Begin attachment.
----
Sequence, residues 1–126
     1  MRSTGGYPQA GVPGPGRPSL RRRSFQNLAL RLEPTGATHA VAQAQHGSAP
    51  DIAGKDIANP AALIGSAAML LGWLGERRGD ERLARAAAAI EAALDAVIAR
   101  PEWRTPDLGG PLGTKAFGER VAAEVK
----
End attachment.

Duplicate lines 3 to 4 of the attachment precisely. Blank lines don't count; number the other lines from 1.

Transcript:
    51  DIAGKDIANP AALIGSAAML LGWLGERRGD ERLARAAAAI EAALDAVIAR
   101  PEWRTPDLGG PLGTKAFGER VAAEVK